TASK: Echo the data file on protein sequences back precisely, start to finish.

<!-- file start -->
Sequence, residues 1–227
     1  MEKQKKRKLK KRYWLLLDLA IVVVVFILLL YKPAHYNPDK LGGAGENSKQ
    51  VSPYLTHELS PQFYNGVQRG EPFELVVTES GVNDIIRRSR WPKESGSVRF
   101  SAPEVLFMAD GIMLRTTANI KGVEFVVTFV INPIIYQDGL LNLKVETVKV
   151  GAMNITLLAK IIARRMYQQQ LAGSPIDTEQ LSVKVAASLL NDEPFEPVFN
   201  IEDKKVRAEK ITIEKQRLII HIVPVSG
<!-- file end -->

Sequence, residues 1–227
     1  MEKQKKRKLK KRYWLLLDLA IVVVVFILLL YKPAHYNPDK LGGAGENSKQ
    51  VSPYLTHELS PQFYNGVQRG EPFELVVTES GVNDIIRRSR WPKESGSVRF
   101  SAPEVLFMAD GIMLRTTANI KGVEFVVTFV INPIIYQDGL LNLKVETVKV
   151  GAMNITLLAK IIARRMYQQQ LAGSPIDTEQ LSVKVAASLL NDEPFEPVFN
   201  IEDKKVRAEK ITIEKQRLII HIVPVSG